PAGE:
Here's the original file size and uploaded file size. Notice that they are not quite the same.

After trying different software combinations, I eventually figured out that the bug is originated from PuTTY. And some internet research shows that the bug has been around since 2003!

The Why and the How

I was bored, so I decided to download the source code of the PuTTY nightly snapshot and started a debug session. (Yes, real programmers debug FOSS after dinner for entertainment.)

Since I was completely new to the source code and SSH2 protocol, the bug certainly wasn’t obvious. I spent most of the first night setting up breakpoints and tracepoints to understand the logic path.

By the second night, I got a good handle on the way the sockets are created, and started reading the Connection Layer (RFC 4254) of the SSH2 protocol.

By the third night, I found the reason for the port-forwarding data corruption.

When PuTTY forwards a port, it sets up a TCP server at the local endpoint to receive the traffic, and then it sets up a TCP client to forward to traffic to the SSH server.

In terms of implementation, this is a three-step process for PuTTY.

1. PuTTY receives data from the local endpoint. In my case, it is Filezilla.

2. PuTTY buffers up the data in its own queue – the buffer chain.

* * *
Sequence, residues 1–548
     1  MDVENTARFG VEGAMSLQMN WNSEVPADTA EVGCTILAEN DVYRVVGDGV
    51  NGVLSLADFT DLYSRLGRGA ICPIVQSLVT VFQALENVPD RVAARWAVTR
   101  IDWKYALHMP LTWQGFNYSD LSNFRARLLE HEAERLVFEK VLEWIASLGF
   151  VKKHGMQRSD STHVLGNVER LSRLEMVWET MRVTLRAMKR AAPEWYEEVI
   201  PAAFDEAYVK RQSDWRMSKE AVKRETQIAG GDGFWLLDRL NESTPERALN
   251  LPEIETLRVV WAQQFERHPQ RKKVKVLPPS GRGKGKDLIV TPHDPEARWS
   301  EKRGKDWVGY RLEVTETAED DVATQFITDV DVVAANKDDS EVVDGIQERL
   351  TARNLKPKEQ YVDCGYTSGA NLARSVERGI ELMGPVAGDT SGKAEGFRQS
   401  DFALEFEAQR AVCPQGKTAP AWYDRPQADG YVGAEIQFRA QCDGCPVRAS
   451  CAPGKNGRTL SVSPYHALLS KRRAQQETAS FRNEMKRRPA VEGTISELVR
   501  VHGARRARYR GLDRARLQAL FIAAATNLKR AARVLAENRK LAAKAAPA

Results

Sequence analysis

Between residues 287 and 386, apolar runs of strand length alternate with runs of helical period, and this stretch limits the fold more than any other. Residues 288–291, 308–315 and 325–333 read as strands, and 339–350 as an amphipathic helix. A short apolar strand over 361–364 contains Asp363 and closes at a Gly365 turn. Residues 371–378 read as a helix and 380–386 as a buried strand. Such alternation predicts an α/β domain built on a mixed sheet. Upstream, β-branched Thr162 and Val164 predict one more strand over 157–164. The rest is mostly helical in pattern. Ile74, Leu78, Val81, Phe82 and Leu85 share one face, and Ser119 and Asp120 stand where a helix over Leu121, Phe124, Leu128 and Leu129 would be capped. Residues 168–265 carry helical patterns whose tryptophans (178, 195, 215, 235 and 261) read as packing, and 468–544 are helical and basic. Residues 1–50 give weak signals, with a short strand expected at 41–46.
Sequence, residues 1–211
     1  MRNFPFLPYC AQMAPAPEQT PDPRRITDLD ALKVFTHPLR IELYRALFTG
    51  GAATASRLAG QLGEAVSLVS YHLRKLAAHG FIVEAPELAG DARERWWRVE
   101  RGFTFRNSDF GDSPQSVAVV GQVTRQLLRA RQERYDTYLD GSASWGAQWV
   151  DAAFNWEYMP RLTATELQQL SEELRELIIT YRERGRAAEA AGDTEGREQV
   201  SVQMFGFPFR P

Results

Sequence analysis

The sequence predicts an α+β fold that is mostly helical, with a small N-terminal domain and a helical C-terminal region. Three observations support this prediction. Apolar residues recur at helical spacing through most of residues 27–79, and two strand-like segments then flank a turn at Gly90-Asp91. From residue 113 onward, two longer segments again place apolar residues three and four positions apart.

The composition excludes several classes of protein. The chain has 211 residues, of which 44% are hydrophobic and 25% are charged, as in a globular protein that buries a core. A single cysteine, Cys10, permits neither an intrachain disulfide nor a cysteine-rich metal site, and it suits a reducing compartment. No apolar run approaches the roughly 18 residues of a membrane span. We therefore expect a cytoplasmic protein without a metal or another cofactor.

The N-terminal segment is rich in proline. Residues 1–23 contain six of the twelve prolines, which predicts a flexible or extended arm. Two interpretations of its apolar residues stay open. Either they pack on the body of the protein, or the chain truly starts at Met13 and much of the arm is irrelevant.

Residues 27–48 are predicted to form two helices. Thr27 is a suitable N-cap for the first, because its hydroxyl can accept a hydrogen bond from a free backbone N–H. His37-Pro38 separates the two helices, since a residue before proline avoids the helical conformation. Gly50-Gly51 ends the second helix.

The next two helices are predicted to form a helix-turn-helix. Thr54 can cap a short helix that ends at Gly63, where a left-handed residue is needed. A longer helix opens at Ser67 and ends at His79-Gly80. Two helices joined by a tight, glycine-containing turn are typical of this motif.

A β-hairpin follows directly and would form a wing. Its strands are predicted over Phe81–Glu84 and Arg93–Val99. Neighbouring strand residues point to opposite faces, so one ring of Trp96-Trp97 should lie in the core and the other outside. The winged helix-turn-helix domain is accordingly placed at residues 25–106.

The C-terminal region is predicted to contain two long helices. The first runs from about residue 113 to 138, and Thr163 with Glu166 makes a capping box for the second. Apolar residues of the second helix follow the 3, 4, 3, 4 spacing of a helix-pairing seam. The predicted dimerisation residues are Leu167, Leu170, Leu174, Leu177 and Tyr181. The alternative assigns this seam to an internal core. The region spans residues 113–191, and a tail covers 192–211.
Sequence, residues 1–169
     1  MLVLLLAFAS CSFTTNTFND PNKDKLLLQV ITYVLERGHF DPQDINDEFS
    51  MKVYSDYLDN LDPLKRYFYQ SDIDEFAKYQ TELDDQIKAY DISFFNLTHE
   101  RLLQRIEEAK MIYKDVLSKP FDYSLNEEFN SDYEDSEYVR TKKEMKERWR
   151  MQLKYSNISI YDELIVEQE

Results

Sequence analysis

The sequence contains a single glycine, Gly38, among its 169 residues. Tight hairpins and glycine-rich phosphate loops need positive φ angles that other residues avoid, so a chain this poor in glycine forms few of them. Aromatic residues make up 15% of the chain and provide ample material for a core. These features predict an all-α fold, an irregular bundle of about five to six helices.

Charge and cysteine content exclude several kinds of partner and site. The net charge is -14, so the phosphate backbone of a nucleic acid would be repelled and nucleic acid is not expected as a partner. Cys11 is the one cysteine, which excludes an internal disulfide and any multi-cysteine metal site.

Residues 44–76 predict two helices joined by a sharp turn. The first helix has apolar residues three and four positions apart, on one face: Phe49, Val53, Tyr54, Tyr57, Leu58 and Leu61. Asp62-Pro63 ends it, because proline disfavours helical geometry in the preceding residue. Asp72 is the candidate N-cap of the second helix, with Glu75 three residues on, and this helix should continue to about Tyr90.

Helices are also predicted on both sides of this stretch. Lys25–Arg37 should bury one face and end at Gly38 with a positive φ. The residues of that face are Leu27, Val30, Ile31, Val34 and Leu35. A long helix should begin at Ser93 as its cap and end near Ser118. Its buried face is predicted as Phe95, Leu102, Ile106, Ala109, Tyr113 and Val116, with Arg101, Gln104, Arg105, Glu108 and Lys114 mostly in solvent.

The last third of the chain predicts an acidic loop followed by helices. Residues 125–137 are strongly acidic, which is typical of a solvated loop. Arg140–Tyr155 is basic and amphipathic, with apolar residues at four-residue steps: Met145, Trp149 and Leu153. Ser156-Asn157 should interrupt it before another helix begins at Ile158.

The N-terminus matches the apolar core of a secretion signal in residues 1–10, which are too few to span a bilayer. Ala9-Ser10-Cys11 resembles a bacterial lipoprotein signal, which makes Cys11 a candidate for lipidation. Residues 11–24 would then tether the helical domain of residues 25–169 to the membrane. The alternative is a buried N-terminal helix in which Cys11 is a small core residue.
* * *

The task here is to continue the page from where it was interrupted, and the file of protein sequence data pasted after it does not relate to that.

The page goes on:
3. Then PuTTY will send the data to the SSH server, with respect to the SSH2 sliding window protocol. The SSH2 window size is small – only 16 kB (no idea why). Therefore, PuTTY would often fill the window quickly, and buffer up the data in the buffer chain. The data will be only sent as soon as the SSH server opens up the window through a SSH2_MSG_CHANNEL_WINDOW_ADJUST message.

Unfortunately, step three has a bug.  When the local endpoint closes its connection to PuTTY, PuTTY would immediately close its channel to the SSH server without fully sending all its data. So the last set of channel adjustment message are ignored, and led to data being stuck in the buffer chain.

Because the channel is closed prematurely, the last set of window adjustment messages are ignored.

The Fix

I modified PuTTY’s SSH2 channel closing sequence to keep the channel open until the buffer chain is completely emptied. For debugging, I also added some events in PuTTY’s event log to indicate the number of bytes PuTTY’s trying to send before closing the channel.

PuTTY event log to record the shut down scenario.

This modification works like a charm for me. I tested hundred of GB of small file uploads, and not a single file was corrupted.

I submitted the patch to PuTTY development team, and it was accepted by Simon Tatham – the development lead.  The patch was checked into the PuTTY’s trunk directory as rev. 8971, and is built into the PuTTY nightly snapshot.

svn:// rev. 8791

Final Thoughts

You can download my patch here if you are interested in the details.

PuTTY’s source code is clean and self explanatory. It is written by good programmers.

Now I have something to brag about in front of my nerdy co-workers and friends. 🙂